German attempts to coordinate the energy transformation
Chancellor Angela Merkel met for the second time with the prime ministers of the federal states to discuss the coordination of the German Energy Transformation (Energiewende) on 2 November. The third meeting has been scheduled for 21 March 2013. Then a precise action plan for Energiewende will be presented. The issues discussed during the summit included the development of power grids, the security of power supply, the development of renewable energy and also attempts to overcome existing difficulties in harmonising the goals of energy production from renewable sources in individual federal states.To develop this approach, the prime ministers of the federal states met on 26 October in Ettersburg, where a common eight-point coordination plan was prepared. According to the arrangements with Chancellor Merkel, the government will present a bill on power grid development in December, which is set to be adopted at the beginning of 2013. As regards security of supply in the winter season 2012/2013, Chancellor Merkel announced that this was guaranteed owing to the energy production reserve of 2.5 gigawatt (probably from conventional power plants located mainly in the south of Germany). The Power Plant Forum (an assembly consisting of representatives of the federal states, associations, electricity manufacturers and ecological organisations) in co-operation with the Federal Network Agency is to develop a joint solution for guaranteeing medium- and long-term energy security by summer 2013.
- One of the key problems of Energiewende is the coordination of energy concepts of individual federal states, which are often completely different. This summit has eliminated only some of the differences. It has indicated the possibility of a compromise between southern federal states, which want to increase their own production from renewable energy sources (wind energy) and the construction of new gas power plants, and the northern part of the country, which is appealing for further development of offshore wind farms and energy exports obtained by this means to the south of the country. The prime ministers of all the federal states (with the exception of Bavaria) want the energy goals of individual federal states be coordinated to a greater extent than before with the policy of the central government.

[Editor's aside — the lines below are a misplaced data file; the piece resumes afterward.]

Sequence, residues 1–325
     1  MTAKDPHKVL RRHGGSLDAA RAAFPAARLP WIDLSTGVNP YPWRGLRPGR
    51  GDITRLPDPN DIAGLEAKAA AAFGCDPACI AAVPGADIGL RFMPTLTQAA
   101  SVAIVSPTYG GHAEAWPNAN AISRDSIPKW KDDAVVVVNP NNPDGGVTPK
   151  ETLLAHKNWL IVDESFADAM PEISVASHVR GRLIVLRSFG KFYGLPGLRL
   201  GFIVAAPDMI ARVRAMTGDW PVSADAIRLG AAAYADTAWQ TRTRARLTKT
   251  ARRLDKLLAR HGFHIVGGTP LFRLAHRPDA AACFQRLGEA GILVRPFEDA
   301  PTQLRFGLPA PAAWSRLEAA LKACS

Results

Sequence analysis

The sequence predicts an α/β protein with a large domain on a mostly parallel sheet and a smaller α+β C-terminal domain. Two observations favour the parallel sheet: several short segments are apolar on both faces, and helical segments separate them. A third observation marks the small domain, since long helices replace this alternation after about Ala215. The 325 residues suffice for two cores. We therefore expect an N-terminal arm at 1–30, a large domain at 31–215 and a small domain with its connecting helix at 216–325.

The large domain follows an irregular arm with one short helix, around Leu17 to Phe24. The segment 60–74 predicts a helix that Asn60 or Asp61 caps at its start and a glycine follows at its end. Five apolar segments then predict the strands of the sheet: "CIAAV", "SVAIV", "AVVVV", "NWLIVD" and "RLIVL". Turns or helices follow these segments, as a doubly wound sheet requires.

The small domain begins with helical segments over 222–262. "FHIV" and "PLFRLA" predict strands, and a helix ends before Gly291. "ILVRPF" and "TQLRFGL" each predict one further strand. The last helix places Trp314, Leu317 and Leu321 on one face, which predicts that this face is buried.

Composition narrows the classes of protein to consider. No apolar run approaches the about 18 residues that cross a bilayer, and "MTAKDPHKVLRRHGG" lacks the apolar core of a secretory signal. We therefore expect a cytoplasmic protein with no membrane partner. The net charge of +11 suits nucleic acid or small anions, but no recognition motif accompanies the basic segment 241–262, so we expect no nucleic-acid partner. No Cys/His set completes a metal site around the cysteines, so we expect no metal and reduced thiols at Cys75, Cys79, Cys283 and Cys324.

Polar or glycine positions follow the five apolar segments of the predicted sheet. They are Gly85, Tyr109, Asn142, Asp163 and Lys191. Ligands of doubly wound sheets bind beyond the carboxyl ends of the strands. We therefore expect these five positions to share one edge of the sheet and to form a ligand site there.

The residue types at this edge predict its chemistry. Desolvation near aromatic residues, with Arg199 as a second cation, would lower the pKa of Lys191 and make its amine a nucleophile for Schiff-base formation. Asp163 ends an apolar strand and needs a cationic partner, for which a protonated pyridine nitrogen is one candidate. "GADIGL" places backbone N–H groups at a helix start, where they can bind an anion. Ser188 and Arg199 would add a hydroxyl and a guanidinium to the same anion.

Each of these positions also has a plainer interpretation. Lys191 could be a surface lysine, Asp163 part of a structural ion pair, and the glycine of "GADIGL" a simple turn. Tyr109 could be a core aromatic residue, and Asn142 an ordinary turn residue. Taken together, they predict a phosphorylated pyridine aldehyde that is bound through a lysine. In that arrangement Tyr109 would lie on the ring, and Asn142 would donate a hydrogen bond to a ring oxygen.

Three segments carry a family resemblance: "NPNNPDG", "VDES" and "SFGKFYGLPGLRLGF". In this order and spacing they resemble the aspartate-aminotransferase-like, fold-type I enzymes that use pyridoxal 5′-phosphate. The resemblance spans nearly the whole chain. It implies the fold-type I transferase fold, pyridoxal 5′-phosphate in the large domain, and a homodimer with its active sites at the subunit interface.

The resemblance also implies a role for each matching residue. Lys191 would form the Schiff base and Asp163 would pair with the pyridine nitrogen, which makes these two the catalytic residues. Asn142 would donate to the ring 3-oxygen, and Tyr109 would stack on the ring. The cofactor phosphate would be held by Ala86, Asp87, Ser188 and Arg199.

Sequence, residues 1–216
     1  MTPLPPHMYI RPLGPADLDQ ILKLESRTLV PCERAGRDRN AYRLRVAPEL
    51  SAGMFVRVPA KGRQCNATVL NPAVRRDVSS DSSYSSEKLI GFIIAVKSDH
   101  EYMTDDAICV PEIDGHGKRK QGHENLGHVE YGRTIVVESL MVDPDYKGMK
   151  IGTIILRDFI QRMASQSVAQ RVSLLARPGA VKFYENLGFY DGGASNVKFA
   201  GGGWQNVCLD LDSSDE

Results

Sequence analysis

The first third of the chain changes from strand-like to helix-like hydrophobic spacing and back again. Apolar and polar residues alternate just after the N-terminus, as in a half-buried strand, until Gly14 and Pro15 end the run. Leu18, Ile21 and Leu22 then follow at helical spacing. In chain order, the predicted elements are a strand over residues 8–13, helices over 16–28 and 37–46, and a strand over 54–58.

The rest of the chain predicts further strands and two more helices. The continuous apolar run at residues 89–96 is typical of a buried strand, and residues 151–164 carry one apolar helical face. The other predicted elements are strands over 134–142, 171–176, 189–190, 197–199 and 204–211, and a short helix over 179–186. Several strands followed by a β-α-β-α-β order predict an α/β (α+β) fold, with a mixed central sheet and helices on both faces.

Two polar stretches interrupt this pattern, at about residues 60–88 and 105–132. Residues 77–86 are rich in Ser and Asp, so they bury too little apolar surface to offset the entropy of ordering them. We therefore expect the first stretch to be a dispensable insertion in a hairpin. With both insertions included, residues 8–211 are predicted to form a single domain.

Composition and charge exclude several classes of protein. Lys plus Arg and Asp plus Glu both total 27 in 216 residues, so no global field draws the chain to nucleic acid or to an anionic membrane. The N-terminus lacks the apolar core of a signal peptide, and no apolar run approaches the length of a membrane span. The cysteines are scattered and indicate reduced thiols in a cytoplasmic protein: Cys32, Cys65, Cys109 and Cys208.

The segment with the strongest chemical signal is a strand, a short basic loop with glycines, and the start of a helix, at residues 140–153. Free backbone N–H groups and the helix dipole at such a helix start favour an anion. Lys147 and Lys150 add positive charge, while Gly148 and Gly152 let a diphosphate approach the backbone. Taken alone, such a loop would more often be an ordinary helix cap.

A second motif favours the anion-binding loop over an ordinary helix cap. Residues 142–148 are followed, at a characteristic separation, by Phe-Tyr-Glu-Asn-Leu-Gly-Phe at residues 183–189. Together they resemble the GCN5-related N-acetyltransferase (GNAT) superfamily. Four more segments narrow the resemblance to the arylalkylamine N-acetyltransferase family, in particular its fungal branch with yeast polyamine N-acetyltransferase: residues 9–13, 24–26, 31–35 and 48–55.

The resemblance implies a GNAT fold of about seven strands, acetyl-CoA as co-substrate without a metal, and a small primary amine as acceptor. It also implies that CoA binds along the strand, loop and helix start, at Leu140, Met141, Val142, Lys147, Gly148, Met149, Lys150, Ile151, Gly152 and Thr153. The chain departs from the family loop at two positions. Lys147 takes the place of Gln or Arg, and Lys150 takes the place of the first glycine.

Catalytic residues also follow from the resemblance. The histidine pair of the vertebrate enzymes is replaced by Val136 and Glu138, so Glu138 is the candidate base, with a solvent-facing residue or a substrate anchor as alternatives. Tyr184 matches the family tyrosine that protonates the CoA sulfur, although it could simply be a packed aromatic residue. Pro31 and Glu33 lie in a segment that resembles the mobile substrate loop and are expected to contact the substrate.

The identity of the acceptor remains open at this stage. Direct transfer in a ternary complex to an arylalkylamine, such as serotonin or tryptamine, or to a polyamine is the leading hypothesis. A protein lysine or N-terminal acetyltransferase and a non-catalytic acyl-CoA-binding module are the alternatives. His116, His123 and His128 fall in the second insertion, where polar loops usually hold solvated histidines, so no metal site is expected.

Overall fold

- Both Chancellor Merkel and representatives of the federal states emphasised the role of offshore wind farms in increasing the share of renewable energy sources in the German energy structure. The federal states agree that this kind of renewable energy must be given priority in the implementation of Energiewende in the long run, which signifies a change in the previous approach of the federal states. However, an effective development of offshore wind farms depends on the existence of connections with land transmission networks. A law aimed at guaranteeing the farms’ connection to the network is currently being prepared in parliament.
- One of the key challenges for Energiewende is to keep the German economy competitive and to restrict electricity price growth. For this purpose, the government is planning to revise its subsidies for the most energy-consuming businesses and to amend the act on supporting energy production from renewable sources (the EEG Act). Chancellor Merkel agreed with the federal states’ opinion that it was necessary to ensure investment stability for renewable energy sources and to liberalize energy prices (in fact, reduce subsidies). The federal states’ proposals and the concept developed by the environment minister, Peter Altmaier, will be used as the basis for amending the EEG Act. Work on this will be continued next year. However, considering the upcoming election campaign and the major differences of opinion inside the coalition, no compromise should be expected on this issue before the elections in autumn 2013.